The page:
After a crazy few weeks, between my wonderful trip to Ireland and my terrible dealings with my old mechanic, I was both feeling like a ride would do me some good and feeling like I had seen enough of biking to last me a few weeks, if not several months.
However, duty calls! I knew I just had to abandon my children to The Amazing Man I Live With and go for a ride, or I’d be neglecting my 12 Loyal Readers (sort of like 12 Angry Men, only not angry). There’s nothing like “I have to please My People!” to serve as an excuse to get out of the house for a bit.
Given that my lungs are still only partially functional after my bronchitis, and my time was limited, I decided to stick with that old standard, the Cedar River Trail. I didn’t want to leave My Darling Guy alone with the three kids for long. Though he is an excellent dad and wonderful partner, he is a Guy with a capital G. Strange, sticky spills occur when he’s allowed to supervise anything for too long (oh, get your minds out of the gutter. I don’t mean it like that). This is the man who once related the following story to me: “I had the hardest day today. I ran into the house to get something and the girls managed to get spray candy all over the car while I was gone.” Now, as a woman, several questions naturally arose for me from this narrative: 1. You bought The Girls spray candy? 2. You let them open the spray candy in the car? 3. You left them alone with the spray candy in the car? 4. They actually make spray candy? But as a Guy, he just didn’t anticipate this disaster. So you can see why I didn’t want to be gone any longer than I had to be.
The sun was low in the sky by the time I worked up the energy to head out the door (to be fair, The Above-Mentioned Guy practically shoved me out of said door to give me a break after a record ten days in a row taking care of my beloved child all day, all the while dying of Terrible Bronchial Distress). This low light makes taking pictures more difficult, but when they come out, they have a certain magical quality that only happens in the evening.
Yep, that’s The Viva you see there. This bike is so lovely that after a month of riding ugly and/or dirty, broken bikes (sorry, Raleigh, but it’s true), I found myself eagerly gazing at my beautiful cream beast of a bike. Though lifting it onto my car rack almost gave me pause in my plan.
The Viva is actually prettier than it is comfy, I have to admit. Like a beautiful pair of shoes that are just slightly too tall to really be practical, this bike keeps seducing me with its looks and then disappointing me with its performance. It’s very, very heavy. Did I mention how heavy it is? And I’ve decided that I don’t really like the albatross-style handlebar width. I feel like I’m riding with my hands up on a table. I might try rolling them down slightly to see if this helps, but I don’t know how adjustable the handlebars actually are, given this bike’s geometry. I’ll have to fiddle with this when I feel more up to that sort of fine-tuning. Perhaps slight adjustments will help to compensate for the weighty feeling as I ride.
That said, once I get going and stop comparing The Viva to the far more sprightly Raleigh in my head, it’s not a bad bike to ride. If I lived somewhere really flat, and I didn’t know how glorious The Raleigh is to ride, I think I’d find this bike perfectly adequate — perhaps even exciting. It has a mellow smoothness (listen to me: I sound like I’m describing a good Colombian coffee) that is a pleasant change from the “roadiness” of The Raleigh’s rattling. Those Fat Franks just absorb road noise like nobody’s business. I could roll over a live mouse and not even feel the bump.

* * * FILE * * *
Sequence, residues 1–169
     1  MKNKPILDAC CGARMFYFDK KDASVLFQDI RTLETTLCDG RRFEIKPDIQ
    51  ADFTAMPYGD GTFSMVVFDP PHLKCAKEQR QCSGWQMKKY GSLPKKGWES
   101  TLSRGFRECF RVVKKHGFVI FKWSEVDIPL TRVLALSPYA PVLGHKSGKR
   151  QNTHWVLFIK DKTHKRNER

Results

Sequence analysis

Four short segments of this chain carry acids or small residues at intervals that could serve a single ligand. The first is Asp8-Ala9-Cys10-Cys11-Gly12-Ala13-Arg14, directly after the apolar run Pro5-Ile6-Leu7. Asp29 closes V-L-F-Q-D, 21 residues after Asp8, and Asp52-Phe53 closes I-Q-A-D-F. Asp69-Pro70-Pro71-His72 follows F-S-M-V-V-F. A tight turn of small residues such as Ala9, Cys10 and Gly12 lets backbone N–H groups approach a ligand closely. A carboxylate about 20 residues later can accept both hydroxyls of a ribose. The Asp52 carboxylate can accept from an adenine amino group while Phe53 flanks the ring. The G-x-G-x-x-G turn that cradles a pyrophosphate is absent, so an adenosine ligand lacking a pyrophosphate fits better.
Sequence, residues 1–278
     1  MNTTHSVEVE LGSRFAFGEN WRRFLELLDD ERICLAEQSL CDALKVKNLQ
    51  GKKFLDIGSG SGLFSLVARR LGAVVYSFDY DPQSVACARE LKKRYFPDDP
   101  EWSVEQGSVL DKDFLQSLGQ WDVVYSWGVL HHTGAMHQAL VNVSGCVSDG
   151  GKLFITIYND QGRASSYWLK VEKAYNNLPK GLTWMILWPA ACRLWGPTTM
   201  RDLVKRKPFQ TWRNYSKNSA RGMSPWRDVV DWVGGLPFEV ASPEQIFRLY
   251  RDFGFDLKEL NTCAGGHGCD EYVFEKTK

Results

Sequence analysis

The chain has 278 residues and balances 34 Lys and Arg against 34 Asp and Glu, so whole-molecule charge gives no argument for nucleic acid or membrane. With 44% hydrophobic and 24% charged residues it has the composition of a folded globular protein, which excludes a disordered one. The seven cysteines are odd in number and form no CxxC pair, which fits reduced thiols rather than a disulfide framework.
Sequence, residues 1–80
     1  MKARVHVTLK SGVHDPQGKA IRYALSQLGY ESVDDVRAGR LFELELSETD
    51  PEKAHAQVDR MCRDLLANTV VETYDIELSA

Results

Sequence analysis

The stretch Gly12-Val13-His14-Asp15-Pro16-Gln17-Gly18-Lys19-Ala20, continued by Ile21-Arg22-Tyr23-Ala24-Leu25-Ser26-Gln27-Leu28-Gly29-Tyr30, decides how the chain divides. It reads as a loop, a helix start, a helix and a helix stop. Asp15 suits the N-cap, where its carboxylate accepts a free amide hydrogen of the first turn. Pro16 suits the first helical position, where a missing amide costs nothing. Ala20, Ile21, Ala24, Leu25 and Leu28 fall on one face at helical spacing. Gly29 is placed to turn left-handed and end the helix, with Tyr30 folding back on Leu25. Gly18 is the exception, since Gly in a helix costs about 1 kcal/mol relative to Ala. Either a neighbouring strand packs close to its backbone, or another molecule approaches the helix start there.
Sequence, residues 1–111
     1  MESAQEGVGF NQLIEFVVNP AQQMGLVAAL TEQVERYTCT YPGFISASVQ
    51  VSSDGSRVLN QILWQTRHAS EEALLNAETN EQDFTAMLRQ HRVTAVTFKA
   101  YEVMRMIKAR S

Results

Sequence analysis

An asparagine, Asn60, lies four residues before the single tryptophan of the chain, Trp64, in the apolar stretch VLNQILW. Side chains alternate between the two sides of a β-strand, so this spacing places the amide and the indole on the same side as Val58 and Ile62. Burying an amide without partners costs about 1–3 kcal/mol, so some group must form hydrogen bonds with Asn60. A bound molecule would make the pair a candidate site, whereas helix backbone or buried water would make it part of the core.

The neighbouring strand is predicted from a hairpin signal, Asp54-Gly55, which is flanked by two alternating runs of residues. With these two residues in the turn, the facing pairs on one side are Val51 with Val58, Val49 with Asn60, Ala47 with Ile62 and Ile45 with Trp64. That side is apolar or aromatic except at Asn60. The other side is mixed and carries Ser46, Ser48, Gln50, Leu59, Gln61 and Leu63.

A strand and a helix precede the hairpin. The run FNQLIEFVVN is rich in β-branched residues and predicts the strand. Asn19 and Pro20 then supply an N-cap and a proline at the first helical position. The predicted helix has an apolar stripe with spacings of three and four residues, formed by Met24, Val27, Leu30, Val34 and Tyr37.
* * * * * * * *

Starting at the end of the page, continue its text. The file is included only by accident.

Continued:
And frankly, every time I stop, someone comments on how gorgeous this bike is and I get that flush of satisfaction that comes from owning something others envy.
The Cedar River Trail has a splendid late summer feel right now, from the plump red-orange hips on the rose bushes along the highway…
… to the folks tubing in the warm evenings on the river’s easy flow.
Note that the dog has his own tube, as he should.
While I love photographing The Raleigh, The Viva is sort of a show-pony, isn’t it?
Did I mention that I bought a wee tripod, and that’s vastly increased my ability to take clear photos in low light? Here’s a rather ponderous self-portrait.
Must think more about “elegant feet” next time.
Once I’d ridden about five and a half miles, I realized that two things were true: first, I was truly tired, and second, I needed to get home before we ended up with half a 2-liter bottle of Coke mysteriously spilled behind the couch or something. Before I left for Ireland, and acquired The Evil Lung Disease From H-E-Double-Chopsticks, I wasn’t content to ride less than 20 miles, but all that has changed. I just needed to get home and rest. So, eleven miles it was (round trip).
One last salient point to note here: The Viva has a new tail-light. A Spanninga SPX that Dutch Bike attached to the rear fender. It works rather well. As it is not their more expensive, dainty “Pixeo,” it fits the gargantuanness of The Viva rather well, I think.
I find the light perfectly adequate for my needs, though if I were commuting, I think I’d want both brighter light, and a “flashing” feature, which this model doesn’t have. As it is, I don’t mind the steady glow, and I don’t really ride in the dark or on city streets much anyway. I think it’s a big improvement over the reflector that was there before, in terms of safety, and the looks aren’t bad at all either.
Before I ride it again, I think I’m going to try to adjust this bike to fit me better. I’ll keep you all posted.
Next up: The Boy and I visit the Velodrome! Stay tuned…